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Editorial

Making Meaningful Improvements in Pharmacotherapy and Medication Management for Children and Youth—A Modest Proposal

1
St. Christopher’s Hospital for Children, 160 E. Erie Avenue, Philadelphia, PA 19134, USA
2
Virginia Commonwealth University, School of Pharmacy, Richmond, VA 23298, USA
3
Universitäts-Kinderspital beider Basel (UKBB), Spitalstrasse 33, CH-4031 Basel, Switzerland
4
Children’s National Health System, 111 Michigan Avenue, Washington, DC 20010, USA
5
Erasmus Medical Center—Sophia Children’s Hospital, s-Gravendijkwal 230, 3015 CE Rotterdam, The Netherlands
6
PRIME Education, Miami, FL 33169, USA
*
Author to whom correspondence should be addressed.
Children 2019, 6(10), 111; https://doi.org/10.3390/children6100111
Received: 7 October 2019 / Accepted: 8 October 2019 / Published: 9 October 2019
Keywords: children; youth; clinical pharmacy; pediatrics; medication management; medical complexity children; youth; clinical pharmacy; pediatrics; medication management; medical complexity
The Special Issue, “Development of a National Pediatric Pharmacotherapy Collaborative Practice Network,” has illuminated the vital global need for better care coordination and interprofessional collaboration in pharmacotherapy and medication management of children with medical complexity and special healthcare needs (CSHCN-CMC). From a population health perspective, we identified how coordination and outcomes might be improved from both practice and research perspectives, and what tools exist to assist clinical pharmacists and pediatricians to build more durable and sustainable comprehensive medication management practices around the world [1,2]. The work of the Professional Compounding Centers of America (PCCA) group [3] and ‘GOLDILOKs’ (Genome and Ontogeny-Linked Dose Individualization and cLinical Optimization for KidS) Clinic [4] illustrated personalized approaches to identifying, understanding, and responding to these patients’ unique drug therapy needs with evidence-based compounded formulations and genome-informed care planning. Ohio’s Partners for Kids Accountable Care Organization (ACO) provided a comprehensive, systems-based program for including clinical pharmacists to address inefficiencies in care coordination and delivery, especially in children with asthma and behavioral health needs [5]. The development and inclusion of clinical pharmacists within maternal child health strategies of the Health Resources and Services Administration’s Pediatric Pulmonary Center in Arizona fostered improvements in community-based, family-centered healthcare for children with chronic respiratory diseases [6]. Clearly, these approaches portend increased responsiveness to unmet drug-related needs at individual and system levels of analysis.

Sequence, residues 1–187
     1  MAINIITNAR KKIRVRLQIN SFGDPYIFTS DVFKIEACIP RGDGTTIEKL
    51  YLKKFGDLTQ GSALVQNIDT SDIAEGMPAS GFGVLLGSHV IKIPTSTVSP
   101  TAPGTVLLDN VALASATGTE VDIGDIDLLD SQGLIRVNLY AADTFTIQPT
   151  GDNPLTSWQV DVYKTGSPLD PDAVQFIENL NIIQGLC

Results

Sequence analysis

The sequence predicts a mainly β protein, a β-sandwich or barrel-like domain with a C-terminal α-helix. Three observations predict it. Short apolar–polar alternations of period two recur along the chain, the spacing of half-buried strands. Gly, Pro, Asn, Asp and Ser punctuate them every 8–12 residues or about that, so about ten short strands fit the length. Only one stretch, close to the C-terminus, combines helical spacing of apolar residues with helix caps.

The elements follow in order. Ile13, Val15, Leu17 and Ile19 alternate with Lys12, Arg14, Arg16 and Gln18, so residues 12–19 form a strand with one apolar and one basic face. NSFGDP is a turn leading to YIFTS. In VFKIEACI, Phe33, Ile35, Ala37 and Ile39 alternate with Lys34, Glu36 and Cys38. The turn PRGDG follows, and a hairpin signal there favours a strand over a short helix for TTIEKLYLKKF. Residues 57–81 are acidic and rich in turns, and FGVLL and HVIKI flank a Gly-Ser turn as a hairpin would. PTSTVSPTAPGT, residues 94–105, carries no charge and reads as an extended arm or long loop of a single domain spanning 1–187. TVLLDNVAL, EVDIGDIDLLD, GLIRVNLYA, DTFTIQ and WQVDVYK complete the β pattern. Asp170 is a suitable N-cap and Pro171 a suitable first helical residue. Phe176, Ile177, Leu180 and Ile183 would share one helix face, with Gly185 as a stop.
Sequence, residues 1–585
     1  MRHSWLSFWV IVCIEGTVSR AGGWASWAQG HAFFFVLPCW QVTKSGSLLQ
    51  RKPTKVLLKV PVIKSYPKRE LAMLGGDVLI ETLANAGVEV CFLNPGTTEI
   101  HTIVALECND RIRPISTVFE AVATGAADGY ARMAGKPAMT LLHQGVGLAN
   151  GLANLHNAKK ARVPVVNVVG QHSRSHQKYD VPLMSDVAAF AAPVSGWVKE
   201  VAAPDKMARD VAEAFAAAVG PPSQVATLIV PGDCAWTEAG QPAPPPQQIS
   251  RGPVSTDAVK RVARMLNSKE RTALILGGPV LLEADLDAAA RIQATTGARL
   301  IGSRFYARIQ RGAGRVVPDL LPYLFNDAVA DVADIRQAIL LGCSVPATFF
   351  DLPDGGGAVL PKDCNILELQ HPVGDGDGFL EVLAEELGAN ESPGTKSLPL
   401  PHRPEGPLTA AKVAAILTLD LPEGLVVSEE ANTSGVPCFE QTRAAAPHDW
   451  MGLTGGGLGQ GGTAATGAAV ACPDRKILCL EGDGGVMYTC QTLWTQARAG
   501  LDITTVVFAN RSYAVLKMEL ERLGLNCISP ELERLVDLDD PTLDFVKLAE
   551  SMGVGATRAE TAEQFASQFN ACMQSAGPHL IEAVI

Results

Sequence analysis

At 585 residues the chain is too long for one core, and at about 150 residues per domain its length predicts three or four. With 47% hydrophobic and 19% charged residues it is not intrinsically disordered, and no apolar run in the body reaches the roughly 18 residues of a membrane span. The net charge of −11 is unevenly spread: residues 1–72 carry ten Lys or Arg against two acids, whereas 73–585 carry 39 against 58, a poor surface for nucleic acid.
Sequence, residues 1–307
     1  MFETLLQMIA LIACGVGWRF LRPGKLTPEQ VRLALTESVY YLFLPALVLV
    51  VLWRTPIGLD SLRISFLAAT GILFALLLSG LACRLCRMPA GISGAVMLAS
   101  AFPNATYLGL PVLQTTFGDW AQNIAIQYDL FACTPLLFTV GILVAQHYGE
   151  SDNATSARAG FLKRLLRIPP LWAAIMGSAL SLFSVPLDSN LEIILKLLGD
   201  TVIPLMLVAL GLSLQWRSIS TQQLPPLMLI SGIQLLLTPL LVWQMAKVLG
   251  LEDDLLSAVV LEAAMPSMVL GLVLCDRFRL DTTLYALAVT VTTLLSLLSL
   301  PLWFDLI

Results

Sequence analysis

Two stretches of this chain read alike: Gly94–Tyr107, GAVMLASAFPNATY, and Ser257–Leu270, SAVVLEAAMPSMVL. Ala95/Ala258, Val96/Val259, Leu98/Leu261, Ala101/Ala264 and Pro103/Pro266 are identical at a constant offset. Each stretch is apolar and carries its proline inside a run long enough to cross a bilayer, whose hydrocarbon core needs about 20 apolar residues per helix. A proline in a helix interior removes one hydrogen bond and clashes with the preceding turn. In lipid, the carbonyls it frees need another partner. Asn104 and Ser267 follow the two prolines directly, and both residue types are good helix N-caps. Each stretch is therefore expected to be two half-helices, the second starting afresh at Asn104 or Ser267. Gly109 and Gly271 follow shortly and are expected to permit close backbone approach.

What’s next? To continue to build on these successes, the following recommendations are offered:
  • Creation of interprofessional communities of practice and research that share tacit knowledge through various synchronous and asynchronous delivery media to promote point-of-care collaboration and coordination;
  • Application of administrative leadership and vision that promotes an environment of innovation through sustainable provider-patient-payer partnerships and outcome-driven system transformation;
  • Adoption and expansion of patient engagement functionalities that align with the 21st Century Cures Act and the World Health Organization’s Convention on the Rights of the Child for increasing choice, access, equity, and quality in health care.
We believe this modest proposal will generate meaningful improvements that assure all children receive optimal benefit from pharmacotherapies. We thank the authors and readers of these manuscripts, and hope that this dialogue will continue to build more durable and sustainable care coordination systems locally and beyond.

References

  1. Parrish, R.H., II; Casher, D.; van den Anker, J.; Benavides, S. Creating a Pharmacotherapy Collaborative Practice Network to Manage Medications for Children and Youth: A Population Health Perspective. Children (Basel) 2019, 6, 58. [Google Scholar] [CrossRef] [PubMed]
  2. Parrish, R.H., II; van den Anker, J. Toolkit for Population Health Initiatives Around the Globe Related to Collaborative Comprehensive Medication Management for Children and Youth. Children (Basel) 2019, 6, 57. [Google Scholar] [CrossRef] [PubMed]
  3. Heitman, T.; Day, A.J.; Bassani, A.S. Pediatric Compounding Pharmacy: Taking on the Responsibility of Providing Quality Customized Prescriptions. Children (Basel) 2019, 6, 66. [Google Scholar] [CrossRef] [PubMed]
  4. Sandritter, T.L.; Dinh, J.C.; Wagner, J.A.; Lowry, J.A. Description of an Innovative Pediatric Individualized Therapeutics Clinic: Working toward Precision Drug Therapy. Children (Basel) 2019, 6, 35. [Google Scholar] [CrossRef] [PubMed]
  5. Hobart, C.; Daines, C.; Phan, H. Developing Future Clinical Pharmacy Leaders in the Interprofessional Care of Children with Special Health Care Needs and Medical Complexity (CSHCN-CMC) in a Pediatric Pulmonary Center. Children (Basel) 2019. under review. [Google Scholar]
  6. Kuhn, C.; Groves, B.K.; Kaczor, C.; Sebastian, S.; Ramtekkar, U.; Nowack, J.; Toth, C.; Valenti, O.; Gowda, C. Pharmacist Involvement in Population Health Management for a Pediatric Managed Medicaid Accountable Care Organization. Children (Basel) 2019, 6, 82. [Google Scholar] [CrossRef] [PubMed]
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